In Case Something Happens – Food for Thought This Thanksgiving

In Case Something Happens – Food for Thought This Thanksgiving
Eileen St. Pierre, The Everyday Financial Planner

We’ve given thanks over this holiday weekend for our many blessings. Spend a little extra time before you get all wrapped up with Christmas shopping to do something for those you love. When it comes to your finances, it is important to have them in order in case something happens to you. Here are three tips to help you out:

CB100292Make sure your family can access your accounts.

My husband and I keep a running list of all our accounts, usernames, and passwords. It’s currently three pages long and could use updating. But the important thing is that all this information is in one place. You never know when a family member may have to pay a bill, answer an important email, or post a message on Facebook for you. A former colleague of mine whose son was killed in the line of duty in Iraq finally got into one of his accounts after three months of trying different passwords.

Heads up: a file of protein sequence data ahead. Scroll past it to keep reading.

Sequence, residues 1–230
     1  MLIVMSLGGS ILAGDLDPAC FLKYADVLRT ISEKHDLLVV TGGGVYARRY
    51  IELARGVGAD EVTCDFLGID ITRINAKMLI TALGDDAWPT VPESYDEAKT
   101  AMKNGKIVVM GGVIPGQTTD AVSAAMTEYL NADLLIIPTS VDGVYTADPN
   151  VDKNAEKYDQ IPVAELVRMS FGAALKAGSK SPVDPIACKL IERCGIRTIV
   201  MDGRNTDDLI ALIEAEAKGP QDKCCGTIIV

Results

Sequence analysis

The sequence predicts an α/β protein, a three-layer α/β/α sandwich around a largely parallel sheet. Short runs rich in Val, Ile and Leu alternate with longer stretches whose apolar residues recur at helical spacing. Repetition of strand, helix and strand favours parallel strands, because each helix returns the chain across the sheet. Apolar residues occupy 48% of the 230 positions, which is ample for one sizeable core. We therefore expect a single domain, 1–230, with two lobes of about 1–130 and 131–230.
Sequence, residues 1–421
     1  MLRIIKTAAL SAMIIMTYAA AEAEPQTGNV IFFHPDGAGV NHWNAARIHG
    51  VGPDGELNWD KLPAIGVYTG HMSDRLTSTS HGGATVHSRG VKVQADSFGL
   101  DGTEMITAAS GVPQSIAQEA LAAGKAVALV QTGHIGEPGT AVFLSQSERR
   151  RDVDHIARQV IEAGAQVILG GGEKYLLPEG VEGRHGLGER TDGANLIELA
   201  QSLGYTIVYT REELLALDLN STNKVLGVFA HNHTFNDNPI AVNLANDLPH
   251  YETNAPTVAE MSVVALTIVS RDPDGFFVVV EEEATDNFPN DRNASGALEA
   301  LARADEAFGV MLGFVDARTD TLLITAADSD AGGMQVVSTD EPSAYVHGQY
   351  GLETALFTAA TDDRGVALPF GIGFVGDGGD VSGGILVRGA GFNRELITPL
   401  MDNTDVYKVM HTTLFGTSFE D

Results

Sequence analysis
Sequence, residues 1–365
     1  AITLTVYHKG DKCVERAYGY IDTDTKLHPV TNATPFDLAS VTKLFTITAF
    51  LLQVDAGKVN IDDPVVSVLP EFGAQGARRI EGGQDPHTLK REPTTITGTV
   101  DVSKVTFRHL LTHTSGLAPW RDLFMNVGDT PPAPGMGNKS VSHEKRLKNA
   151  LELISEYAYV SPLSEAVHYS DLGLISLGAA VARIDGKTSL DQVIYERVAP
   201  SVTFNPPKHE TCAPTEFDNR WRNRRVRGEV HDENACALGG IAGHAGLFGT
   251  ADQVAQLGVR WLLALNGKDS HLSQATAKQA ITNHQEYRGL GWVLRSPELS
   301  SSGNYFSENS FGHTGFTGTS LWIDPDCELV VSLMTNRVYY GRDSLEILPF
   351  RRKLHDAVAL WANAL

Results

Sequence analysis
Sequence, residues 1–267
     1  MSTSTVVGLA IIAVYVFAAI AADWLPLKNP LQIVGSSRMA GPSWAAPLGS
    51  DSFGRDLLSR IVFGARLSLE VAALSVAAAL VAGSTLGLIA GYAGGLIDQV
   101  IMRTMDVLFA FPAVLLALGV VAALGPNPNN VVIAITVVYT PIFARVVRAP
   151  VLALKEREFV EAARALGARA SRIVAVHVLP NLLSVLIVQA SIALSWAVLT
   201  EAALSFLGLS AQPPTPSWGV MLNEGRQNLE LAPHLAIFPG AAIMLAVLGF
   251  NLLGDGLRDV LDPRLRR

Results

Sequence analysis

Keep your beneficiaries up-to-date.

The proceeds of any account that has a beneficiary designation will go directly to that beneficiary regardless of what is stated in a will. That asset will not go through probate. So make sure your beneficiaries are up-to-date. I think every HR department has a story of an ex who got the employee’s retirement benefits because the beneficiary form was never updated after a divorce.

Get your estate plans in order.

Every time I give an estate planning workshop, my audience members fear the probate process the most. Many states have an expedited probate process. The key is reducing the amount of assets in your estate subject to probate. It may not be as bad as you think. My column Understanding (and Avoiding) Probate has more information.

If you have minor children, you need to have a will. A will is the only place where you can name guardians for your kids. If you have a more complex family situation, you may also want to consider a trust because they can be customized (at a cost). Read my column Wills vs. Trusts for more details.

Other important legal documents to consider (depending on your situation) include:

  • Advanced Directive for Health Care – includes a Living Will
  • Do Not Resuscitate Form
  • Power of Attorney

These forms vary by state. A good place to look for them is your state’s Department of Human Services.
Want to learn more? Join us for a free 30-minute webinar In Case Something Happens on December 1 at 3:30 Central Time. Click HERE to register.

Visit my Estate Planning page for additional free resources.